J. Cole, your favorite 'woke' rapper, is probably a misogynist

An evaluation of J. Cole’s psyche

Not too long ago, I found myself watching a documentary entitled “Beyond the Beats and Rhymes,” which examines the hyper-masculine lyrics and lifestyles associated with rap music.

Although the documentary was released in 2003, it was a bit eerie how many of the topics discussed in the documentary were still prevalent in hip-hop culture today.

The documentary touched on three main points: the reaffirmation of masculinity, denigration of women – particularly black women – and rampant anti-gay rhetoric and themes.

It forced to me to examine today’s rappers and, while these themes are still perpetuated by many current rappers, I thought, At least we have more socially conscious rappers now.

But do we though?

It seems that the focus of social consciousness in rap is around black men, with women and people who identify as LGBT excluded and often attacked. Unfortunately this isn’t just a problem within rap. This has been a quite common belief regarding movements such as #BlackLivesMatter for quite some time.

In hip-hop, rappers whose work revolves around socially-conscious themes are described as “woke,” meaning they are aware of social and political injustices in today’s society. Awoken from ignorance, if you will.

The more popular rappers who usually fit this description are J. Cole and Kendrick Lamar, with quite a few others who aren’t as mainstream.

J. Cole, the mastermind behind platinum album 2014 Forest Hills Drive, is the current face of conscious rap. He has touched on topics such as police brutality and the prison-industrial complex and made headlines when he performed a song on “The Late Show with David Letterman” themed around Michael Brown and the protests in Ferguson.

While Cole is quite well-versed in addressing social issues surrounding black men, his lyrics regarding women are much less forward-thinking and much more close-minded.

“One time for my LA sisters, one time for my LA hoes; Lame n*ggas can't tell the difference, one time for a n*gga who knows,” is the pre-hook of one of Cole’s most recent songs, “No Role Modelz.”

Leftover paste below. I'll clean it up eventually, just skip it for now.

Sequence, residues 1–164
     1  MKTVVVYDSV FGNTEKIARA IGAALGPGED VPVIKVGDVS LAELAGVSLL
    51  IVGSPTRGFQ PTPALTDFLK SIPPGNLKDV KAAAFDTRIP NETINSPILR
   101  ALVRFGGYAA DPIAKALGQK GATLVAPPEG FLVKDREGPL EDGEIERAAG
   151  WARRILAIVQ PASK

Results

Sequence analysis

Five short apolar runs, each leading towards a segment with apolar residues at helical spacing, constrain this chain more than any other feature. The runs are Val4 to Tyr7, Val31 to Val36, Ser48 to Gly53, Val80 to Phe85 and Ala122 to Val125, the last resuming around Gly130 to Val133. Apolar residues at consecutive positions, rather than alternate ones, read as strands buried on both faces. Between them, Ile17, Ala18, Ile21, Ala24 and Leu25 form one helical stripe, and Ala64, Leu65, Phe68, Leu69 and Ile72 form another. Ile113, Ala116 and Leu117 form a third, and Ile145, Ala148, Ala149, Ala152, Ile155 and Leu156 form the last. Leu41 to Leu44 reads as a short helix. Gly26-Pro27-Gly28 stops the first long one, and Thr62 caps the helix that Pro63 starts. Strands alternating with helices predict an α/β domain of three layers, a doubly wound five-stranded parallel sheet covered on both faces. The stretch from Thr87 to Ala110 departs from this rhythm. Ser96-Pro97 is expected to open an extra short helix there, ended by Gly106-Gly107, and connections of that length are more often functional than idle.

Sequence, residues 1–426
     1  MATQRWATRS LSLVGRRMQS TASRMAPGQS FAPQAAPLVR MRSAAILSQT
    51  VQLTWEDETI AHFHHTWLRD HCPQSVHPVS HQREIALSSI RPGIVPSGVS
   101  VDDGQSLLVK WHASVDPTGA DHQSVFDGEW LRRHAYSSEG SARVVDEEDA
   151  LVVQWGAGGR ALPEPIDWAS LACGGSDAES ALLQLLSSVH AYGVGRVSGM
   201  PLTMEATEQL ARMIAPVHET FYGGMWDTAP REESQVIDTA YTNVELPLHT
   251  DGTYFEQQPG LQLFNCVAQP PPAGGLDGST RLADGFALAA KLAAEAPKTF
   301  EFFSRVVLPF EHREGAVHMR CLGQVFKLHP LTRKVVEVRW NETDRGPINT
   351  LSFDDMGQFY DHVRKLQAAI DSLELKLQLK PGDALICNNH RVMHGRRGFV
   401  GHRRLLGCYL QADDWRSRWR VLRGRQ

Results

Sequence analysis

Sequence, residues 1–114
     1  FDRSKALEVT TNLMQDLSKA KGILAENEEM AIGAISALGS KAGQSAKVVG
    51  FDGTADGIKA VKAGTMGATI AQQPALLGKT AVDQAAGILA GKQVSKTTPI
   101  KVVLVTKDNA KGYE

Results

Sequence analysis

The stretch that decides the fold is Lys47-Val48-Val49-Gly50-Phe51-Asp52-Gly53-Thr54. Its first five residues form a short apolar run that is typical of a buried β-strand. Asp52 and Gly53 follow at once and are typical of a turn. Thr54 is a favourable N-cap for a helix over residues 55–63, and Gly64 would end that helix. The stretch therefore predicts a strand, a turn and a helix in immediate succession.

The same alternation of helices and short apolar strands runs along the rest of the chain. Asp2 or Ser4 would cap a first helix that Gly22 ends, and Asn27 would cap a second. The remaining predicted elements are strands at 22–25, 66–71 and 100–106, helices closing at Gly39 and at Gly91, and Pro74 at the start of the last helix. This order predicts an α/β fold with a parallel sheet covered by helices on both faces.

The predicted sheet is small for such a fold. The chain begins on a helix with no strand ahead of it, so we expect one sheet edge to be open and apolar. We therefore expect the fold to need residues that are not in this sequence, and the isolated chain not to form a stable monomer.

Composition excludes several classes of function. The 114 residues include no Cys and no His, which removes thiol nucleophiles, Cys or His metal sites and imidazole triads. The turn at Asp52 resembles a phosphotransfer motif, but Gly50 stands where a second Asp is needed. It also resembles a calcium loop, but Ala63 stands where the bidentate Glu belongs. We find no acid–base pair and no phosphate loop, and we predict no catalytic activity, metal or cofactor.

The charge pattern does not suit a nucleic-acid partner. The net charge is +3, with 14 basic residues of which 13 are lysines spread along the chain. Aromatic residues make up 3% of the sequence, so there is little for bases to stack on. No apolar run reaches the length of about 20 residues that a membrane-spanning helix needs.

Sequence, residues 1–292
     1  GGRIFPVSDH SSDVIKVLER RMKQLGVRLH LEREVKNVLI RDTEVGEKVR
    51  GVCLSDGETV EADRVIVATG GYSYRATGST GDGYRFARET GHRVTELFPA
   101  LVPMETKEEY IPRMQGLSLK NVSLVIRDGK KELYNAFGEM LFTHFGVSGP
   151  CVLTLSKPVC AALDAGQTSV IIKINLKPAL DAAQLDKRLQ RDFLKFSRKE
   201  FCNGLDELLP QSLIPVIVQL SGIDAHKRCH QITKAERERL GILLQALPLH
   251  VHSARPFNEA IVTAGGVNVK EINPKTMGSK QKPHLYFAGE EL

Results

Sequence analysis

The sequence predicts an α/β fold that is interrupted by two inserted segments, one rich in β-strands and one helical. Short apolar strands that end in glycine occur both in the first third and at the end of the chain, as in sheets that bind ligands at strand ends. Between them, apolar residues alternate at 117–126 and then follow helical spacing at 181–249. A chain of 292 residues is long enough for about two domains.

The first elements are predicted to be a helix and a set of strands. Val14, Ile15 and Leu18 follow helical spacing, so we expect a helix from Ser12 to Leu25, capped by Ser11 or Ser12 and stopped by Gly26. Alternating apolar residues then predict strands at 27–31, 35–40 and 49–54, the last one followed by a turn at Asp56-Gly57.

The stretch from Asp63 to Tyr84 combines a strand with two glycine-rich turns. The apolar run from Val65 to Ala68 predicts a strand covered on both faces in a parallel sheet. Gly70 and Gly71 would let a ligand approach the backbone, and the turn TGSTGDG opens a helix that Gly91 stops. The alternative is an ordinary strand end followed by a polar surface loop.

Cole makes it a point to separate a “sister” from a “hoe.”

Sister, even if not referring to an actual family member, is a title that usually goes hand and hand with an equal, someone who either deserves or has earned your respect and acknowledgement.

A “hoe” on the other hand is a derogatory term used to denigrate women and is given to women who are promiscuous and/or enjoy sex.

This is a lyrical expression of a common-held belief in a patriarchal society; in order to worthy of the respect of men, women cannot engage in or enjoy sex.

Cole’s lyrics go on to vulgarly discuss and demean women and their various body parts.

I would like to say that it’s almost baffling that someone who is so socially aware of racial injustice turns a blind eye to the injustices facing women, but unfortunately I can’t come to that conclusion based on just how backward the thought processes of many rap artists, and perhaps to certain extent men in our society, are.

It may be even more baffling that young women comprise a very large portion of his fans.

Sadly, that last part surprises me less.

In the documentary, the interviewer talks to a few women and asks why they still enjoy music that objectifies and disrespects them so much. Many of the women said “Well, they aren’t talking about me, so it’s not a big deal."

A lot of people seem to carry this belief. Some may think being offended means they are inadvertently placing themselves into the group being talked about, so by not being offended, they aren’t the target of the message.

As fans of rap music we need to do better. Man, woman, black, white and anything in between, we need to shift the culture of shaming and glorifying sexuality in the same breath.

I’m not singling out J. Cole because I hate him or his music. I think that he is on the precipice of being not only an iconic rapper, but an iconic public figure who can use his platform to make a real change.

My problem is that we need to limit social consciousness to just knowledge of one issue facing disadvantages groups. Being “woke” is a knowledge of intersectionality and as a “woke” rapper, Cole should move us forward, not keep us stranded.

James Battle is a contributing writer. Arts desk can be reached at arts@ubspectrum.com.